By now, we all know how ­detrimental sitting is for our health. And of course, we all tend to slouch when sitting at the usual desk chair, and that can lead to back pain.

Standing desks can negate some risk, but standing all day can hurt, too.

The following three unusual chairs offer a sensible middle ground between standing and traditional sitting. All count as active sitting, meaning that they require you to engage far more muscles than with a normal chair—so you can strengthen your core, burn extra calories and maybe even alleviate or avoid back pain.

Each one will take some time to get used to, so plan to feel a bit awkward at first. A good way to adapt to any of these chairs is to sit in one for just an hour at a time for a few days and then gradually increase from there. Here are the best kinds of “active” chairs…

Saddle stool: These stools look a bit like oversized bike seats or saddles on top of office chairs. When you sit in one, it causes your hips to open and feet to spread almost as if you were riding a horse. This can help stave off a host of painful back and hip problems as well as plantar fasciitis, all of which can come from sitting prim and proper with your knees and feet together. When you sit in a saddle stool, your feet will naturally fall at 11:00 and 1:00, with hips rotated outward, which helps reduce stress across the hips and knees. The backless nature of this stool can improve your own back strength by requiring you to keep your core muscles engaged as you sit. However, if you find this too tiring or uncomfortable, you can purchase a saddle stool with a back. Example: Jobri Betterposture Ergonomic Saddle Chair, $199.95.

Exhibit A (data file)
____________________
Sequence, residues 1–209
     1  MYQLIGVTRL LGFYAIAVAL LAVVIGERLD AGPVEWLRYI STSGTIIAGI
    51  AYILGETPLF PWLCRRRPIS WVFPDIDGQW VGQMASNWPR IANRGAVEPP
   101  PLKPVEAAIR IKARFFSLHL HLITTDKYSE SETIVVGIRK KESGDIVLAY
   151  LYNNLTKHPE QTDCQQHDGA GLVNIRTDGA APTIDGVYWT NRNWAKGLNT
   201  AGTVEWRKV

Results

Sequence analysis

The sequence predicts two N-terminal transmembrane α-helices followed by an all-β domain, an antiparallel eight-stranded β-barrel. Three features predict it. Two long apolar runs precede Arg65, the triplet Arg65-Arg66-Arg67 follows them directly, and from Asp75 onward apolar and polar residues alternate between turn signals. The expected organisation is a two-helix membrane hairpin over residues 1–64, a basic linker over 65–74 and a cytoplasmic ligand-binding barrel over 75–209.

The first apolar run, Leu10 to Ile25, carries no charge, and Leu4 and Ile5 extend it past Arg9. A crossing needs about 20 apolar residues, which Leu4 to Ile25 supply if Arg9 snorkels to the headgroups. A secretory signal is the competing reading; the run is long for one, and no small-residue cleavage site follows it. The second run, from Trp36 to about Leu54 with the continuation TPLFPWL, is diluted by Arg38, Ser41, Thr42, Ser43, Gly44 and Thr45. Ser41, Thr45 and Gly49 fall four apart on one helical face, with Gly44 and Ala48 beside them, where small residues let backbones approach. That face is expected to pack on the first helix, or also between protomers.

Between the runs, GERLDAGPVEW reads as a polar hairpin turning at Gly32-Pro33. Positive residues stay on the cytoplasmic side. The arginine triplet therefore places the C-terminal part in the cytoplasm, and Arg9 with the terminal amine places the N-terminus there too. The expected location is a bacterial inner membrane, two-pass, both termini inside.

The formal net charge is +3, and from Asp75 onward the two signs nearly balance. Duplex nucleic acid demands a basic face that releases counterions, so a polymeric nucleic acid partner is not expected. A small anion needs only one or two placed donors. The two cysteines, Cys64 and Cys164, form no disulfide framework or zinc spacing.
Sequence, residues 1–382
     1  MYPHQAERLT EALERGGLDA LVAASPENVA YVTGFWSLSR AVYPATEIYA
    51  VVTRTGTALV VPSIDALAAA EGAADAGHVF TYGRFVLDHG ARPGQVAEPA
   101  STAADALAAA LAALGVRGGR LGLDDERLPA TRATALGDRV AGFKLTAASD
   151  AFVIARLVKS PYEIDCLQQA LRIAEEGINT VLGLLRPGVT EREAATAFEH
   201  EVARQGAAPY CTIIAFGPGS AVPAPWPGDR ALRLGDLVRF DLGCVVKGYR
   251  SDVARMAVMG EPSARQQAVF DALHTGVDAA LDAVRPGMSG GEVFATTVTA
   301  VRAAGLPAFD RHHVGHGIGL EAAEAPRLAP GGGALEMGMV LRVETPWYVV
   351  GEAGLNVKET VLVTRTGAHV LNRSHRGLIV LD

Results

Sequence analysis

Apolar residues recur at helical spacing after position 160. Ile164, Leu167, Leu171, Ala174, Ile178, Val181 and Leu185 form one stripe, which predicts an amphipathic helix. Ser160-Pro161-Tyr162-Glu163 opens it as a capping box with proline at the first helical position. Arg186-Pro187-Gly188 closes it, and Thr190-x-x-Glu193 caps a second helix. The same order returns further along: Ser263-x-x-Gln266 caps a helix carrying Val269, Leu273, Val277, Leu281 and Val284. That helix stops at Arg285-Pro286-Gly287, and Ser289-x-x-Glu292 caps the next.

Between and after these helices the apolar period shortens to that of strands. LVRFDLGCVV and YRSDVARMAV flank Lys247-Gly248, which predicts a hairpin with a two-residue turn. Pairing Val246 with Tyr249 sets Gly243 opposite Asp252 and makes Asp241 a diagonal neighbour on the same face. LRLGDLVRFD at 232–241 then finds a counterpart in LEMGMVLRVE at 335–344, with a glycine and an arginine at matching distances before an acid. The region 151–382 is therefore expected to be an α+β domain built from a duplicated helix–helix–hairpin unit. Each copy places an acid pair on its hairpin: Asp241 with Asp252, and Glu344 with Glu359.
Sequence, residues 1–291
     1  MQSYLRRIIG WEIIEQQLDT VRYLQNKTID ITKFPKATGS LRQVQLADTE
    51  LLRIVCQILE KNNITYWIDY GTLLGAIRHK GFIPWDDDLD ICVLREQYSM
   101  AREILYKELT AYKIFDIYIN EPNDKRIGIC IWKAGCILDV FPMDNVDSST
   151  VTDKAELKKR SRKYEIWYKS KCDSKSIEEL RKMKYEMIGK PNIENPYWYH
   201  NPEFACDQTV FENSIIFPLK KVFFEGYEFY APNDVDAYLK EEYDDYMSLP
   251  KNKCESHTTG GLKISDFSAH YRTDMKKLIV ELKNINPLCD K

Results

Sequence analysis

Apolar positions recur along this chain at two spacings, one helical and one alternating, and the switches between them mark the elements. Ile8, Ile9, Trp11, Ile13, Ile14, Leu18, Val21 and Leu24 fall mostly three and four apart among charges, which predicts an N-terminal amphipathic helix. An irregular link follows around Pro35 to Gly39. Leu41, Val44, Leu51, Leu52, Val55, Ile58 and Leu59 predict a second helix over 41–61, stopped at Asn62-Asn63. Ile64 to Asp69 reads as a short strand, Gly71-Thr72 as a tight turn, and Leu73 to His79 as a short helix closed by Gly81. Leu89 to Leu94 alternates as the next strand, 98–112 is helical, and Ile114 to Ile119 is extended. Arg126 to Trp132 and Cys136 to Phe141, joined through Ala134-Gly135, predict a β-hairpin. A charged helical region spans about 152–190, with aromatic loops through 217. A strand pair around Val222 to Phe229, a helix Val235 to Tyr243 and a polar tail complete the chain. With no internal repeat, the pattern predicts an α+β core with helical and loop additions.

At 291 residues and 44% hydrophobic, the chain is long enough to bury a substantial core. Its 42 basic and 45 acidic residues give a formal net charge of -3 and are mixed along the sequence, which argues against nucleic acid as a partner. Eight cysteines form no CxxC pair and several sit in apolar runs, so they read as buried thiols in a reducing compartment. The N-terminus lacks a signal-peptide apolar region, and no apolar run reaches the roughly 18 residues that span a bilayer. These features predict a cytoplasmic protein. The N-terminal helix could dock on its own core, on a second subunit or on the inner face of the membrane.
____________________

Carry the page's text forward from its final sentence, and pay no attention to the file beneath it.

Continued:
Wobble stool: This stool looks a bit like a bar stool on a sturdy base. The seat will wobble from the natural little movements a body makes when sitting, and this motion keeps your abdomen, back and leg muscles moving as you ­compensate. All of that extra movement may counteract the negative health impacts of extended sitting. Example: Uncaged Ergonomics Wobble Stool, $129.

Recumbent chair: A standard chair makes slumping easy, but a recumbent, or kneeling, chair features a seat that slants by about 20 to 30 ­degrees. This makes it easier to maintain good posture and avoid back pain. And because a recumbent chair takes pressure off the lower back and buttocks, it can help sciatic pain, too. Example: Relaxus Recumbent Chair, $170.

Note: Recumbent/kneeling chairs can be hard on the knees, so anyone with ­arthritis, patellar tendinitis, kneecap pain or a meniscus tear should avoid them. People with leg swelling should steer clear as well, as these chairs may restrict your circulation. For most people, this isn’t a problem, but getting up every hour or so for a short break will make using this type of chair for extended periods more comfortable.

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